GOMACO World Index --- GOMACO World 40.2 - October 2012
Thirty-five months to complete a 24 mile (38.6 km) long project is a very aggressive time frame. Especially in an area of the United States, like northern Utah, that experiences below-freezing temperatures, snowstorms, and other inclement weather during the winter months. UDOT had to set aside their standard cold weather paving protocols and work together with PRC to redefine them for the project to be completed on time.
“We realized to meet the schedule we were going to have to challenge our standard processes for cold weather paving,” Butterfield explained. “So, we all sat down and started to push that envelope and see how far we could go while still guaranteeing the integrity of the paving.
“What was it going to take to guarantee performance criteria? Instrumentation in the pavement? Instrumentation monitoring temperatures in the subgrade/subbases? Monitoring surface temperatures during placement and, more importantly, after placement? To answer all of these questions, we had to redefine cold weather concrete paving on this project.”
New project standards required a temperature of 32 degrees F (0º C) and rising before paving could begin. When temperatures reached 35 degrees F (1.7º C) and began to fall, paving was finished for the day and protection had to be put in place. The new concrete was wrapped in blankets, plastic, or both, and ground heaters were put in place. Underneath the protection, the temperature of the concrete was constantly monitored with mid-depth maturity readers and thermometers taking surface temperatures every three minutes. The concrete maintained a temperature in the mid to high 60 degrees F (15.5º C) under protection until it reached 3500 psi (24 MPa).
“Then, once we reached maturity, the state has a requirement not to exceed a 20 degree F (11.1º C) temperature drop in 12 hours,” Steeves said. “We had to bring the temperature of the concrete down slowly as to not essentially shock the concrete by suddenly opening up that cocoon of heat and have the concrete surface susceptible to that hard freeze in temperatures.
“We would slowly turn down the temperature on the ground heaters before shutting them off completely. Then we’d pull the covering and just let the temperature of the concrete naturally drop to the low 30 degrees F (-1.1º C). From there, we let Mother Nature take care of the temperature. We documented the entire process and now have books and books of information on internal and surface concrete temperatures. It was a pretty labor intensive process, as well. At one point, we had five miles (8 km) of pavement covered with plastic and 3000 blankets.”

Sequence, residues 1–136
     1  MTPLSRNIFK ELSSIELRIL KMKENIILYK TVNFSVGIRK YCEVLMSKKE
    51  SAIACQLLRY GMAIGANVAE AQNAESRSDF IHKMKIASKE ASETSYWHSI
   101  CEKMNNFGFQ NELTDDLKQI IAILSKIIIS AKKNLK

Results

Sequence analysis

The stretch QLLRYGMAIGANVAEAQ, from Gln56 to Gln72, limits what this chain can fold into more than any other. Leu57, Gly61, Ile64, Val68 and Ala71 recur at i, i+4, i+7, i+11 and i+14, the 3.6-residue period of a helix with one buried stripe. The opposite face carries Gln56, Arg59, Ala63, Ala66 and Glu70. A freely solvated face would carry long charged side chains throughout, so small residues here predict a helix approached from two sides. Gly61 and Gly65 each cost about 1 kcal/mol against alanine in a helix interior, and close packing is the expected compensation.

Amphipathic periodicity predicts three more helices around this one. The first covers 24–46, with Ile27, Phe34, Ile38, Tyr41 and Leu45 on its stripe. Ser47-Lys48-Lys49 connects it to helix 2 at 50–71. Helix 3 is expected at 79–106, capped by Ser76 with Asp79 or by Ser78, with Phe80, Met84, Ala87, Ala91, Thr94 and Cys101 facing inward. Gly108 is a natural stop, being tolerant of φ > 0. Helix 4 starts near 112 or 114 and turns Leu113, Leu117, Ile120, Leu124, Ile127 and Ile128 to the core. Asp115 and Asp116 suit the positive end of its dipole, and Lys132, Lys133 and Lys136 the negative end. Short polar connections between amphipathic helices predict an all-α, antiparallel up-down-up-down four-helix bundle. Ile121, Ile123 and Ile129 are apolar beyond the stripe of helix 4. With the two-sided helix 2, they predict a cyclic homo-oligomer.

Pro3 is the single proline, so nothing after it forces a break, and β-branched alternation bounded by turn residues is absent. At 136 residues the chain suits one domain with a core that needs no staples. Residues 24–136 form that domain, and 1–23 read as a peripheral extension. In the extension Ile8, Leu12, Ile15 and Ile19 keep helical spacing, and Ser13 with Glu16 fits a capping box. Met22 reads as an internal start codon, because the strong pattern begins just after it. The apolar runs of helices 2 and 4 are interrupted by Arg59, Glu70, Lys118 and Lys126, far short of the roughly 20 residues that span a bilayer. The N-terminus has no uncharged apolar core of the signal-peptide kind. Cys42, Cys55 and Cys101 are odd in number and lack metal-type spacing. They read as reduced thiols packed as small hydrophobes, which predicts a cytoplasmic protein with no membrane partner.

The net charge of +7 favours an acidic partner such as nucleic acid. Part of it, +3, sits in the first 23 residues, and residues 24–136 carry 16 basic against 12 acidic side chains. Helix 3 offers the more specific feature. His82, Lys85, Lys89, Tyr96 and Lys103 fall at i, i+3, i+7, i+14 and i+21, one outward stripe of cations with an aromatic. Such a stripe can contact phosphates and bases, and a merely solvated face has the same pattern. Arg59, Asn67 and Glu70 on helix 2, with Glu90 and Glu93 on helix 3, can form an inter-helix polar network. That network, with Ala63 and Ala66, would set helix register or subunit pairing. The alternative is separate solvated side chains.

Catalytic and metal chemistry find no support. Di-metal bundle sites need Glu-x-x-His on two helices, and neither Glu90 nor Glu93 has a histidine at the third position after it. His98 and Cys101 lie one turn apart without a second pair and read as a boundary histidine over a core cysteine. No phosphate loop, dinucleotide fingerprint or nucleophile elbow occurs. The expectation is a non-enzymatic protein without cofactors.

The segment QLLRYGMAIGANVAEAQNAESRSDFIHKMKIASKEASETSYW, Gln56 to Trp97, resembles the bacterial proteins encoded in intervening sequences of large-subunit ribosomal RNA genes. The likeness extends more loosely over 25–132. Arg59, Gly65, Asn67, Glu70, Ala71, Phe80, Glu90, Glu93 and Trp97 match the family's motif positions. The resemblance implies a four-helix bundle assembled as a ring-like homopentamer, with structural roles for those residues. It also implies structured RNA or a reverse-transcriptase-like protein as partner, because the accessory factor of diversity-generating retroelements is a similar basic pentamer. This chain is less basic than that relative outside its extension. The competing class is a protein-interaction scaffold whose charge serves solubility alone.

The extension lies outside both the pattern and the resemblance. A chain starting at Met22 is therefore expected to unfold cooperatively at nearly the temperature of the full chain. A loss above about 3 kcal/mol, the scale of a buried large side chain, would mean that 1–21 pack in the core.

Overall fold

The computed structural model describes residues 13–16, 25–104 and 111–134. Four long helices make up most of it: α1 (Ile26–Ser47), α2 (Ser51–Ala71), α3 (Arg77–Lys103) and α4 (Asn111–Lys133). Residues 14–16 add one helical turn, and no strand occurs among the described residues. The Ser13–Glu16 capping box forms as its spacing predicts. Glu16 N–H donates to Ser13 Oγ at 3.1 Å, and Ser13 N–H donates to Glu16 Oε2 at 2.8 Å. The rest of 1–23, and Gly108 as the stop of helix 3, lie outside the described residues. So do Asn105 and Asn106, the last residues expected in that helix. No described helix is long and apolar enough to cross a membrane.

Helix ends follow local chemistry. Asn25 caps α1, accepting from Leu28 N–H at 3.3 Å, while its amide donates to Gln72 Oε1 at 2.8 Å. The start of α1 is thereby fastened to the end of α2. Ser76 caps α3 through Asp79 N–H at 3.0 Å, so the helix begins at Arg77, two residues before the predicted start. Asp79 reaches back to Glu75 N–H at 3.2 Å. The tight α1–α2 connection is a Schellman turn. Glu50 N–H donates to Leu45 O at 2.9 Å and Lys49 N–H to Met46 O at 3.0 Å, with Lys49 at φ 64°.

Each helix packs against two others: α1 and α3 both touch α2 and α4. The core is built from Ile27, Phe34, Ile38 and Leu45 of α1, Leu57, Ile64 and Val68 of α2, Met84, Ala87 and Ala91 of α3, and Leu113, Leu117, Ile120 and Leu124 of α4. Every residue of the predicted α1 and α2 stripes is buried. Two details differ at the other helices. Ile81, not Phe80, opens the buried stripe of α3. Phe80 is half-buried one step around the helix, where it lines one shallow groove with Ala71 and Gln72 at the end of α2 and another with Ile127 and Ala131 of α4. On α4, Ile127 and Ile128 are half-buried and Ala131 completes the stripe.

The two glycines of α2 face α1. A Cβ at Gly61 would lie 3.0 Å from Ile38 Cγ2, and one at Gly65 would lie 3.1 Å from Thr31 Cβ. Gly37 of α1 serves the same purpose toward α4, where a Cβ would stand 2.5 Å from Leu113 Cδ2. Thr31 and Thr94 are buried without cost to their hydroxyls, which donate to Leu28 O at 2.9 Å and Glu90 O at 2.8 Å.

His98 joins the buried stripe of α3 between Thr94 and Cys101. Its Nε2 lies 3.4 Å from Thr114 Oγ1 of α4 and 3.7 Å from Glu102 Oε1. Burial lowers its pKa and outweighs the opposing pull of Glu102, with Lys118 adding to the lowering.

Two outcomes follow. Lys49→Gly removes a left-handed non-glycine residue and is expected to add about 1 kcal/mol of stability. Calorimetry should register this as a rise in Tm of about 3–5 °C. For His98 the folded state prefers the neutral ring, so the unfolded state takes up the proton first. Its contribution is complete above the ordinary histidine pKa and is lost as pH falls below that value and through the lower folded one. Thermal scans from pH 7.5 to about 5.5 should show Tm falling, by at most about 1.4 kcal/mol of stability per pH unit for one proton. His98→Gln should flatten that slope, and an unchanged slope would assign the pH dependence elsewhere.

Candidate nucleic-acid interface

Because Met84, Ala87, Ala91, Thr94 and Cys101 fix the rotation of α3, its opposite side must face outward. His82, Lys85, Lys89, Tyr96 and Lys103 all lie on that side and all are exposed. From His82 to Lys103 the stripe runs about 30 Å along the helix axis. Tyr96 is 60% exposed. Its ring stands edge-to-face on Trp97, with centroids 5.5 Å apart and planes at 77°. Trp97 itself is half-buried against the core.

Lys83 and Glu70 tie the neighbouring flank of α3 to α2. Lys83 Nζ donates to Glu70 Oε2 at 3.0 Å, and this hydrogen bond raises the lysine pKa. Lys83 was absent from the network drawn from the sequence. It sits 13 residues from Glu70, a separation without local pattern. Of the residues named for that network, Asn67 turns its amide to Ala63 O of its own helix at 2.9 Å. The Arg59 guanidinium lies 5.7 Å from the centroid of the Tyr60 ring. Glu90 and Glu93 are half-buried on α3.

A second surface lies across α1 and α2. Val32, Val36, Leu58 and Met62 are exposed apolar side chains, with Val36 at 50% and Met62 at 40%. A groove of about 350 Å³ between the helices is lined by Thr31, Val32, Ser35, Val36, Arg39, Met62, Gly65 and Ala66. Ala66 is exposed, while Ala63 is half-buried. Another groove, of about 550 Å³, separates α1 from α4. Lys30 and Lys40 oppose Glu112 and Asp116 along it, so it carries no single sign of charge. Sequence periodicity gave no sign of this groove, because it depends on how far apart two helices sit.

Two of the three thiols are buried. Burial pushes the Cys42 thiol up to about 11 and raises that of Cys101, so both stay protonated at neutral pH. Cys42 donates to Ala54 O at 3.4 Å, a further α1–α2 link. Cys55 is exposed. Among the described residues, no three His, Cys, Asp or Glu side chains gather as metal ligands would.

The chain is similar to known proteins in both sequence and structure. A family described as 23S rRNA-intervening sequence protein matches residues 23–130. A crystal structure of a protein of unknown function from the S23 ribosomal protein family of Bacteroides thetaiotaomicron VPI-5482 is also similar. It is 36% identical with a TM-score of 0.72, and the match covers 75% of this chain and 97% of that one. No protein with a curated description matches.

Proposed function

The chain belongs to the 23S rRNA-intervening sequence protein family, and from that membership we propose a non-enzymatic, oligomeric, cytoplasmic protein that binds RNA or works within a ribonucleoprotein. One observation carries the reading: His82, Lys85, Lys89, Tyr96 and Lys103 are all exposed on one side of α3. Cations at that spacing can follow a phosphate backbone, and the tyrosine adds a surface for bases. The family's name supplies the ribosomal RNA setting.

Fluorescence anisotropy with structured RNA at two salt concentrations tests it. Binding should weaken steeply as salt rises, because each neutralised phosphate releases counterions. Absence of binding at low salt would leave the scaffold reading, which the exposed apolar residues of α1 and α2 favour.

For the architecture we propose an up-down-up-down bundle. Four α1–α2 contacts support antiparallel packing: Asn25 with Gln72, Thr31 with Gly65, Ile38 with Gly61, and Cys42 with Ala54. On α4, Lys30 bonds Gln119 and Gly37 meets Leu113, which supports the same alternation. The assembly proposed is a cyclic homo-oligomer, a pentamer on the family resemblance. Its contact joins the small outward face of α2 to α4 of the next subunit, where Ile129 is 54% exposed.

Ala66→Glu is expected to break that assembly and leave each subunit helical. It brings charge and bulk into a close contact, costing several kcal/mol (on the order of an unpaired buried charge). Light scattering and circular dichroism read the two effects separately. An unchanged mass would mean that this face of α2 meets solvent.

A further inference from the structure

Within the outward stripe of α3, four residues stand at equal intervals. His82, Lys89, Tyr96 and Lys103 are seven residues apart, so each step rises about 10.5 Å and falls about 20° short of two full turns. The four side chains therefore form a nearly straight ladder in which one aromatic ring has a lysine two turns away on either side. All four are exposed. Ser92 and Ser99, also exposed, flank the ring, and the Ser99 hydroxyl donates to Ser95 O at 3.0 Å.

Everyone involved will attest to the fact that the cold weather concrete paving wasn’t successful because of the new requirements, it worked because of the communication and trust between UDOT and PRC.
“It was people talking with people to come up with the best strategy,” Stewart said. “It was a pretty rigorous process, but we felt comfortable going through it with PRC because of their level of sophistication and the trust that we had developed over the course of the project.”
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Paving through Utah’s below-freezing winter temperatures was necessary to complete the enormous project on time. PRC worked together with UDOT to reinvent cold weather paving protocols and establish new standards for winter paving.
The final day of concrete slipform paving on the I-15 CORE project was on August 29, 2012.
Jim Hayward, GOMACO’s United States Western District Manager (left), talks with Kelly Steeves on-site along the I-15 project.
Utah County I-15 Corridor Expansion - GOMACO World Vol. 40, No. 2